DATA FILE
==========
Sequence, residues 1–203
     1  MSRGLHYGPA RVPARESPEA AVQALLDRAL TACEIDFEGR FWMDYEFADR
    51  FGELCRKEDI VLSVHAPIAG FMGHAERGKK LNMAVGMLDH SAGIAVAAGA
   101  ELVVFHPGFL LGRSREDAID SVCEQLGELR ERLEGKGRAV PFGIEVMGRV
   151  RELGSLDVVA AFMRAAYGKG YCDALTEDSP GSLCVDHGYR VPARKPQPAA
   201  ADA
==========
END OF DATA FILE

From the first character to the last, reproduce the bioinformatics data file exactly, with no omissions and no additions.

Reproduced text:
Sequence, residues 1–203
     1  MSRGLHYGPA RVPARESPEA AVQALLDRAL TACEIDFEGR FWMDYEFADR
    51  FGELCRKEDI VLSVHAPIAG FMGHAERGKK LNMAVGMLDH SAGIAVAAGA
   101  ELVVFHPGFL LGRSREDAID SVCEQLGELR ERLEGKGRAV PFGIEVMGRV
   151  RELGSLDVVA AFMRAAYGKG YCDALTEDSP GSLCVDHGYR VPARKPQPAA
   201  ADA